Little did I know when I found this lovely book at the library that one could not buy one for less than $185!!

The list price inside the cover is $26.95.  It was published in 2003 by BTBatsford Publishing (UK) and distributed by Sterling Publishing in the US.  Authors Angela Thompson and Kathleen Waller are certainly passionate and well informed on their subject.  This book is a joy to read.  It’s an impressive book, thoroughly researched and clearly written.

From this book, I learned that Romanian Point Lace (its common name) (RPL)is found in Belgium, Czech Republic, Germany, Hungary, the former Yugoslavian countries, Egypt, and Israel.  In England, it’s typically called Hungarian Point Lace.  Around the world, it may have different names, but they all describe this unique braid lace with delicate filler stitches called needlepoint lace.  This specific artform was developed sometime in the 1930′s when flat braid or tape lace was joined with the delicate needlepoint lace stitches.

It actually appears to have originated in Transylvania (yep, Count Dracula territory) which was once a part of Hungary and later part of Romania.  Romanian nuns took the technique with them to Egypt and taught it to daughters of European expatriate families there.

RPL is a firm tape or braid lace – a group of laces that use an outline braid or tape securing filler stitches of delicate needlepoint lace.  Battenberg Lace may be a more familiar tape lace.  The filler stitches are often referred to as ‘bobbin lace stitches’ although it is not ‘real’ bobbin lace.  The braid or lace is created with a crochet hook and crochet stitches.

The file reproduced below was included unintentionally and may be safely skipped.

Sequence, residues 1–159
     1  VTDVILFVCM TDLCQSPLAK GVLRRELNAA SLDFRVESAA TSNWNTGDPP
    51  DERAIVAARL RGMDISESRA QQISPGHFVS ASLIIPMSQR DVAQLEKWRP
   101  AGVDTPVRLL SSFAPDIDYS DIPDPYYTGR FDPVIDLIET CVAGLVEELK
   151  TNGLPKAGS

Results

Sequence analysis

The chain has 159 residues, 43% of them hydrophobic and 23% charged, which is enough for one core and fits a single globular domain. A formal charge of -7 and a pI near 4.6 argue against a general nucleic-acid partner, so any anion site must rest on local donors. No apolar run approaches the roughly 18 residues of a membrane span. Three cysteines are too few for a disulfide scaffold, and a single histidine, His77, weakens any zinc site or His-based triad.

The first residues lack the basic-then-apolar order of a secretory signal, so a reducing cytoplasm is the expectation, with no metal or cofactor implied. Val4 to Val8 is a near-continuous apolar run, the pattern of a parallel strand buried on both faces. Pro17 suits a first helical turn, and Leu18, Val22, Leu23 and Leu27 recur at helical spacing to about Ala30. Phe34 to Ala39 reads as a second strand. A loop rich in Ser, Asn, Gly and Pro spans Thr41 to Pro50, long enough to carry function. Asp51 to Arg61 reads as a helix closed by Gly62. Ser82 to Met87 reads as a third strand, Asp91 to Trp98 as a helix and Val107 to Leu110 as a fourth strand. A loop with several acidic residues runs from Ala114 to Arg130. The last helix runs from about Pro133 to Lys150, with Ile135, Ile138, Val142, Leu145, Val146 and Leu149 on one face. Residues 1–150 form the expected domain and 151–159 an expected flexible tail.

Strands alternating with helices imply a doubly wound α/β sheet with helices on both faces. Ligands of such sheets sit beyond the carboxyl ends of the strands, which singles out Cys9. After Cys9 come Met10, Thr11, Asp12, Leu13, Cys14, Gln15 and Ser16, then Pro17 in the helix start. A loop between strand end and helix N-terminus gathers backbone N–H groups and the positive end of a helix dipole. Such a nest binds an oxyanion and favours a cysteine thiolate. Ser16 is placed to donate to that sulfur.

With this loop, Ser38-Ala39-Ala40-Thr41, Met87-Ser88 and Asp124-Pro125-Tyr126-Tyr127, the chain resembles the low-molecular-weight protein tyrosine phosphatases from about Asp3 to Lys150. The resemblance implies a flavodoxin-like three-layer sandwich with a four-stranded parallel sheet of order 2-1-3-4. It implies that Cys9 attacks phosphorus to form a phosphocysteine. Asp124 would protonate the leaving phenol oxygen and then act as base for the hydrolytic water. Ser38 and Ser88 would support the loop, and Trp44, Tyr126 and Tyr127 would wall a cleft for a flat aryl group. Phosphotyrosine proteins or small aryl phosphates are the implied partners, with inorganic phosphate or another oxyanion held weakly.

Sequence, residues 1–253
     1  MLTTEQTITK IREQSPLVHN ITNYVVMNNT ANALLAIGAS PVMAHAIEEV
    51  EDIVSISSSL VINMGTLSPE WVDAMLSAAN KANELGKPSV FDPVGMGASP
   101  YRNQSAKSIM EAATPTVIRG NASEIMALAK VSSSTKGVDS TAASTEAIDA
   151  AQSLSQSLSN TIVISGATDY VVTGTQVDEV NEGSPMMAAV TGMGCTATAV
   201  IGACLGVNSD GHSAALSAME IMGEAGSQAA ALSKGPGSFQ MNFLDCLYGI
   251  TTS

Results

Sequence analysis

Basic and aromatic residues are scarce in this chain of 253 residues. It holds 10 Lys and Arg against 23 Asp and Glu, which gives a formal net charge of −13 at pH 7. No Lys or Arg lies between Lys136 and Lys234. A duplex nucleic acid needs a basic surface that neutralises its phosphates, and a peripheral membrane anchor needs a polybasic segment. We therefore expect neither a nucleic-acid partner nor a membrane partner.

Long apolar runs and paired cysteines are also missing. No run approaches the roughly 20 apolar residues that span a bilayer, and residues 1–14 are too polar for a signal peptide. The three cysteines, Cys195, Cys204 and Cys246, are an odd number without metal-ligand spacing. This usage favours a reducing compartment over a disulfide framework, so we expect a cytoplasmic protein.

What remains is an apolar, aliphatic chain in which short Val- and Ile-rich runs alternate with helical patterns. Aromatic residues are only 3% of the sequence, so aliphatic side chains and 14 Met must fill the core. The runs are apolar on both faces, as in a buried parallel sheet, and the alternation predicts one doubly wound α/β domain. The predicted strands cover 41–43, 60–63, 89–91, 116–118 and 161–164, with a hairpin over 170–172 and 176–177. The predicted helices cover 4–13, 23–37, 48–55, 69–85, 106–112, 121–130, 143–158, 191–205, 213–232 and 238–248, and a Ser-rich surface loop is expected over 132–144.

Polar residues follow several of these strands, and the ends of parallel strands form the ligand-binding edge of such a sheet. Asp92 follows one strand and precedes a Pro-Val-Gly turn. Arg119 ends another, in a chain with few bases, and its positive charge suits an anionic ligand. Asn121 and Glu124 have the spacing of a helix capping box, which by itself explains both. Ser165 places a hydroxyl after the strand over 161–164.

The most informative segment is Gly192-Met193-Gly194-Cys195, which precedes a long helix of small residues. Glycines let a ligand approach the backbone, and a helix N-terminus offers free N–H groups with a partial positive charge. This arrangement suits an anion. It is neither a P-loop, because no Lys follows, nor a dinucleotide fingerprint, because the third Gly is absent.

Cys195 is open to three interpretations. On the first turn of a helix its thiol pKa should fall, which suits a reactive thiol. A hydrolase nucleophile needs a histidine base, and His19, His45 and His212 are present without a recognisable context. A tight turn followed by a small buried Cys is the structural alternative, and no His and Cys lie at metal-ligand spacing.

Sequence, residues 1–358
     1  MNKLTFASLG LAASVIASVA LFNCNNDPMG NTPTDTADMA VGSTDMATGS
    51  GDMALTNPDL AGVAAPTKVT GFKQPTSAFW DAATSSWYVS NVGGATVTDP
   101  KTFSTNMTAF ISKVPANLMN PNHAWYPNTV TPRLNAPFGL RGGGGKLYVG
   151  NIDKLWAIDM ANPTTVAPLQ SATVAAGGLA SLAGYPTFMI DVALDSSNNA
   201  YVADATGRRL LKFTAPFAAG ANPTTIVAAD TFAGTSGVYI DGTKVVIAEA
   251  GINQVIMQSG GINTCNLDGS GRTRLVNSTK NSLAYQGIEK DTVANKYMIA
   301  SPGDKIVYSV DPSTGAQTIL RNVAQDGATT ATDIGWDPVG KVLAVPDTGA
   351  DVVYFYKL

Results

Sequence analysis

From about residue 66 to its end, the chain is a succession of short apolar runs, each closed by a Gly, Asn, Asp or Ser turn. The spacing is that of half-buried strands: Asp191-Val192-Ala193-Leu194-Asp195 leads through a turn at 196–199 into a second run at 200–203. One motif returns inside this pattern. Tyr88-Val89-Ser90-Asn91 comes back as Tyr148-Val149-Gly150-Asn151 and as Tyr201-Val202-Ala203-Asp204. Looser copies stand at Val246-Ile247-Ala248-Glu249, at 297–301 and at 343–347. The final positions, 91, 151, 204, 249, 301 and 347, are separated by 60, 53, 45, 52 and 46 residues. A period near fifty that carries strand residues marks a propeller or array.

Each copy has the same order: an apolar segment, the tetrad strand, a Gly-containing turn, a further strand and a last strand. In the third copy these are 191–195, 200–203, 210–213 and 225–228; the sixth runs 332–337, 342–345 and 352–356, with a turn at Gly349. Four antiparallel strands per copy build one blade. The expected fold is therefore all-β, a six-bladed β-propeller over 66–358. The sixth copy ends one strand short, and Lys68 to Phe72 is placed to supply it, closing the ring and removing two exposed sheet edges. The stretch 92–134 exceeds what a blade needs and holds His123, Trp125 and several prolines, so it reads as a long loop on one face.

A foundation braid begins all projects.  The specific way each braid is crocheted creates a tiny picot loop into which the filler stitches are anchored. The work is supported by a backing fabric on which the design to be worked has been traced.  The braid is basted to the fabric so that the intricate filler stitches can more easily be worked.  Once finished, the backing fabric is removed and can be reused.

This book goes into great detail with excellent pictures and schematics to show how to create the braids and filler stitches.  Many variations of braid are presented.  Further, applications for using each shape of filler are shown in color photos identifying each unique stitch used.